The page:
Volume and Surface Area
Volume and Surface Area is my last unit before Probability and Statistics. That means, it gets the best problems!
Magformers
A couple of years ago I wrote some grants for math toys in my classroom. The next couple of lessons are based on those.
Surface Areas of Prisms and Pyramids

Using magformers, we explore surface area and volume using manipulatives. Here is the activity I created.

Platonic Solids and Euler's Theorem

Using magformers, we explore creating platonic solids. Here is the activity I created.

The following lessons are Magformerfree.
Guatemalan Sink Hole

Fun little lesson from Robert Kaplinsky about volumes of cylinders. I do this in the same class period as Girl Scout Cookies.

Girl Scout Cookies

3 Act lesson from Dan Meyer about volumes of rectangular prisms.

Soup Can Packaging

How do you break into a new market if you're a soup company? Marketing and... packaging. This task combines trig, circles, compound shapes, and surface area. It's a great problem for multiple solution methods but the same answers (open middle). Link here.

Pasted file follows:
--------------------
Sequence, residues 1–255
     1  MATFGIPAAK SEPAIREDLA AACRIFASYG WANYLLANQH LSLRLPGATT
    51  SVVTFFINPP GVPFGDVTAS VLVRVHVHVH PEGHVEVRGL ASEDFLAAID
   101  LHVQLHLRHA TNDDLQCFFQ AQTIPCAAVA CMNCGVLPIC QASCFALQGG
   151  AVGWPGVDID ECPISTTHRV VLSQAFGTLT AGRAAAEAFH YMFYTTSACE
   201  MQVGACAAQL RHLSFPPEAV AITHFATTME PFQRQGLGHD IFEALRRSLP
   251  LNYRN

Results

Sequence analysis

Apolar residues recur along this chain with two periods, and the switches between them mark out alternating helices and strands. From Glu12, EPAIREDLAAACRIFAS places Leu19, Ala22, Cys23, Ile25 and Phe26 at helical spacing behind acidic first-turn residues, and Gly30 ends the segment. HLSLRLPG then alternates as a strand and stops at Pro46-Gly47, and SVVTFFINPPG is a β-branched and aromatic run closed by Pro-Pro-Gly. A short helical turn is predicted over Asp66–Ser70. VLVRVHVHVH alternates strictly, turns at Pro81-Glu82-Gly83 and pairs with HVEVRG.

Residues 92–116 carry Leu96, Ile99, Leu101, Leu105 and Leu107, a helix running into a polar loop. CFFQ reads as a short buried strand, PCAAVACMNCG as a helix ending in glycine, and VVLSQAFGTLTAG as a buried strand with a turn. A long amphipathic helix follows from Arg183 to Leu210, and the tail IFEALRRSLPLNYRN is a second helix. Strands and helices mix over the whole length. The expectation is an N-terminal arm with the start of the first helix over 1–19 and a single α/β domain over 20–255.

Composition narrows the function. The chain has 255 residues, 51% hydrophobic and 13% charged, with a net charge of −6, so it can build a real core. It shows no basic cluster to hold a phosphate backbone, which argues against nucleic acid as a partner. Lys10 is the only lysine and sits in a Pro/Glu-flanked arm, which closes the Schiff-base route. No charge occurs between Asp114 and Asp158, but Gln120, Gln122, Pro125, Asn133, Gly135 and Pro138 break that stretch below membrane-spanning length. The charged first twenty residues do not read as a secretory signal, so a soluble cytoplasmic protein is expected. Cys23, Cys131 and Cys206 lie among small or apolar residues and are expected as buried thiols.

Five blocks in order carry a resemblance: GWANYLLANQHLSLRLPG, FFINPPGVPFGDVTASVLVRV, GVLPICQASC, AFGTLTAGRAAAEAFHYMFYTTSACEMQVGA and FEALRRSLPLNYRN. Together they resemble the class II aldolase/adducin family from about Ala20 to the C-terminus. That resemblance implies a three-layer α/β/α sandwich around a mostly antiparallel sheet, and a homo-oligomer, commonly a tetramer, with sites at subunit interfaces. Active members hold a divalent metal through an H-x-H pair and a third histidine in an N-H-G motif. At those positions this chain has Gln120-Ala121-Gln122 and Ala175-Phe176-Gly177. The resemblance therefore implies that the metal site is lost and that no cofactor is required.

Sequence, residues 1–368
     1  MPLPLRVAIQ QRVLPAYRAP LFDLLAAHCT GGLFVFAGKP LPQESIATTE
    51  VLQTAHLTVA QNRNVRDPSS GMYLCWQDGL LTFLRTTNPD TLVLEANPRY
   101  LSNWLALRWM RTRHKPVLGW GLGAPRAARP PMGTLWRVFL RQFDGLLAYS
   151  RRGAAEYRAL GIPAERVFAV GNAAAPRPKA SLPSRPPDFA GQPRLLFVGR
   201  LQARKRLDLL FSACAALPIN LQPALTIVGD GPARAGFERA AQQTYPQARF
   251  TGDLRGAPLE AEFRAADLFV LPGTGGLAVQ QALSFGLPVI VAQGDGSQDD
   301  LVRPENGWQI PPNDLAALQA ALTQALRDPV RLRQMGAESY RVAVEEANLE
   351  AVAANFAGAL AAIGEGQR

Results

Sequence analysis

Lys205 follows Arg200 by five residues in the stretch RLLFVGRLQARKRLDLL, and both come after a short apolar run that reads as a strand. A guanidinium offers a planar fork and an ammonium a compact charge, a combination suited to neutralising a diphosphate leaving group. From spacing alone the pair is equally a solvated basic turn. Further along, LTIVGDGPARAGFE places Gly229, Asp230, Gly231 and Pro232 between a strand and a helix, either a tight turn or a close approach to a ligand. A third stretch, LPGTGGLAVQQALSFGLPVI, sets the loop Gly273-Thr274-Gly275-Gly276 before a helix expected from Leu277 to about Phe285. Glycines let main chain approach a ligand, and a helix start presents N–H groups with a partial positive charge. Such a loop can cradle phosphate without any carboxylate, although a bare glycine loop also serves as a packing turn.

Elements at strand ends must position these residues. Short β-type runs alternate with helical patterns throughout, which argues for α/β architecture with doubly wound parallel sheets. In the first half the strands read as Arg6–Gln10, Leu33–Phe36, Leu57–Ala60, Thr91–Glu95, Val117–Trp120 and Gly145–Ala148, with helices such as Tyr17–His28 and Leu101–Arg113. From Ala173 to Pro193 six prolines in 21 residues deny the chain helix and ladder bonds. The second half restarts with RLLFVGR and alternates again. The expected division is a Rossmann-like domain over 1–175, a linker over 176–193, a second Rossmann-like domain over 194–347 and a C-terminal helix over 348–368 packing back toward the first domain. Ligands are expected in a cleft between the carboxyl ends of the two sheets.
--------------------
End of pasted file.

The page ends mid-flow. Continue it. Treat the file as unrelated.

Gas Station Fuel Tank

Gas station fuel tanks are basically cylinders we bury in the ground. When we fill them using tanker trucks, we first put a stick in the top to see how full it is. How much fuel do we need to add to the tank? Circles, trig, compound shapes, volume, dimensional analysisthis problem is what some might call "rich". I made a presentation for it. Here is the link to the task. I adapted this problem from Tom Reardon.

Glasses

Volumes of pyramids, cones, and composite shapes. But wait! There's more. The real brilliance of this gem from the Math Assessment Project is that it asks students to figure out when a glass, made of composite shapes, is half full. The task starts low floor and then works all the way to the tippy top of the ceiling. Extension number 3 is wicked hard for most students. Here is a link to the pdf I use.

Gumball Machine

From the spectacular Robert Kaplinsky. Our estimates always end up being off because spheres don't pack very tightly. This leads to a discussion of sphere packing density. Here's the presentation I use.

I took this problem from Emaths. The numbers in the original problem were meant to be easier but it caused confusion with my students who were in track. I've revised the problem to include lengths on standard high school and NCAA tracks. This is a great 2 or 3 day task: circles, trig, dimensional analysis, volume, composite shapes. I love it! Here's the link.